Comparing the processes of writing and directing a film, Madonna observes, “Writing is simpler. There’s less people involved and you have a lot more freedom. When you’re writing, obviously there’s not a lot of people giving you their two cents. When you’re on the set of a movie, there are thousands of people around and there’s the clock ticking and a lot of things you have to get done in a short period of time. So I think the freedom is in the writing, and then in the directing you have to try to be in two places at the same time. One is in your practical shoes: I have a certain amount of time to get a certain amount of work done, and the other part is I need to be able to also be in this kind of dreamlike state where I’m allowing myself to channel this energy and capture a dream. So that was always a challenging balance.”

Asked if she was nervous about the film’s reception, Madonna confides, “Well, perhaps I was when I went to the Venice Film Festival. But it’s been at many festivals now: Venice, Toronto, London, and I had a screening at MoMA. A lot of people have seen it and written about it, although I have not read anything anyone’s written, so I’m not really thinking so much about nervousness. I think people will like it or not like it.”

Unconventional relationships always seem to fascinate Madonna, but she has a simple explanation. “Well, because really that’s what the world’s made up of. I don’t understand why everyone’s been bamboozled into thinking that conventional relationships essentially exist. Do you know of any? So, really, what I was interested in was what we’re all interested in.”

Wallis being an American and decidedly less formal in her treatment of Edward undoubtedly made her more attractive to him: “That was a big part of the draw. I discovered so many interesting, disturbing things—like in those days, with the first-born son of the royal family, the mother is actually meant to treat him in the coldest way without any affection or any love so they’re prepared to be the king. Because it’s country and duty before all, and in order to have that kind of mindset, you can’t be an emotional creature. Your behavior cannot be informed by emotion. It has to be informed by a sense of duty. Everyone’s really cold to you and very formal with you, so I think when Edward met Wallis Simpson, he was really attracted to her irreverence. Even though I think she was still very courteous and polite to him and said ‘Sir’ and all of that, she did it all with a wink and a smile. And she loved to dance.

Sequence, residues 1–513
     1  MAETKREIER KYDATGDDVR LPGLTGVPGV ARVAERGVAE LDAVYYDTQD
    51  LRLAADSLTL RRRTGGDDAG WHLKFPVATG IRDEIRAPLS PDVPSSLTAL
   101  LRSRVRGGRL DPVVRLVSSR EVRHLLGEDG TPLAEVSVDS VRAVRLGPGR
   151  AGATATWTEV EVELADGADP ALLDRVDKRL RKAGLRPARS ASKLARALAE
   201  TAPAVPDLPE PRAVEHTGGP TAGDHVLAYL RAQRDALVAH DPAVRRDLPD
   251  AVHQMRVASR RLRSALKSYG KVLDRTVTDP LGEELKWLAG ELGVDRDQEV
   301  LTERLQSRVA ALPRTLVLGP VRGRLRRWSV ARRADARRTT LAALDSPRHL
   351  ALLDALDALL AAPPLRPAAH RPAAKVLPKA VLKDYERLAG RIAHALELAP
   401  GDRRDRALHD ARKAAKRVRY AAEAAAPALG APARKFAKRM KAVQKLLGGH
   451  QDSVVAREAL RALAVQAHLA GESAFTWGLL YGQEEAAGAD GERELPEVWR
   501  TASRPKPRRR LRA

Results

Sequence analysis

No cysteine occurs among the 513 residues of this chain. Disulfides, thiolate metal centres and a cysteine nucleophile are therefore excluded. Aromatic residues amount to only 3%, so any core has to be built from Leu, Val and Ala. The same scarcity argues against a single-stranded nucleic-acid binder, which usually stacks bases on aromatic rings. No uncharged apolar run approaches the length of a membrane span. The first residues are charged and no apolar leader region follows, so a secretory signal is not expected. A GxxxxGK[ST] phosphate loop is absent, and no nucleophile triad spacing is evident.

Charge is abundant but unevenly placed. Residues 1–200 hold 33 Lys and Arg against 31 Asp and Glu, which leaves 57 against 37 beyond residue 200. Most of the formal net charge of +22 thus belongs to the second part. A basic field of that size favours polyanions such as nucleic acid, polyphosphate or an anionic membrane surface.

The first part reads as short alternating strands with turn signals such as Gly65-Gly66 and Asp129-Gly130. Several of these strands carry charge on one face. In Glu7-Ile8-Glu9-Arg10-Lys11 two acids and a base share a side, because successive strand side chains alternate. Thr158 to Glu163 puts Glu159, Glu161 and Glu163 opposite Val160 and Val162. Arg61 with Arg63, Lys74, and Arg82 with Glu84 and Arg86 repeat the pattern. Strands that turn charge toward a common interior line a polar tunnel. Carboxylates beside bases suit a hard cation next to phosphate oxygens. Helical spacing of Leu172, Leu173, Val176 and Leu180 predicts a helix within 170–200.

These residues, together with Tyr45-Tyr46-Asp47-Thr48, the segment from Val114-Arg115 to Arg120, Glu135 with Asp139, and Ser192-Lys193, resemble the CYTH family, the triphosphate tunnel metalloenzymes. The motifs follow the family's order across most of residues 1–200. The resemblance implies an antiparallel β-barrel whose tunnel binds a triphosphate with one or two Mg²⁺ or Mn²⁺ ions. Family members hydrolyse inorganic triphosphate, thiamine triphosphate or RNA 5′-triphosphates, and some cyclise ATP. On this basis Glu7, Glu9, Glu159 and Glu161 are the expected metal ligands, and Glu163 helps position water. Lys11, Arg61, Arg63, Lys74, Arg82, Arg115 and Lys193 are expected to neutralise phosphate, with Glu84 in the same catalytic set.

“The other thing he loved about her, because he was raised with servants and staff, was when he went to her house, she would run into the kitchen—because her mother was a cook—and she would whip things up and bring them out. He couldn’t really get his mind around that, that she would make the cocktails and the food and put it down on the table. I think he really liked that. There was something very maternal and nurturing about her, and feminine, and I think all of those things were a big draw for him.”

As with Sofia Coppola’s Marie Antoinette, Madonna has spiced her period film with verve-y, anachronistic music, like her use of The Sex Pistols for a party scene: “When I first started reading the script, I had lots of different points of views on different titles and for a while my working title was The Punk Rock King. Because I was really focused on him and his behavior and how irreverent he was and how he broke all the rules and pushed away some conventions. How he didn’t dress the way he was supposed to dress and date the people he was supposed to date and how he did drink Benzedrine cocktails and did have parties and loved hanging out with Americans. He wanted to fight in the war and effect change in the world around him. He wanted to get rid of the old guard and bring new energy into Windsor Castle and the royal world. Many things about him were unconventional. As for getting the rights to that song, I just asked and then I paid. It’s not that hard!”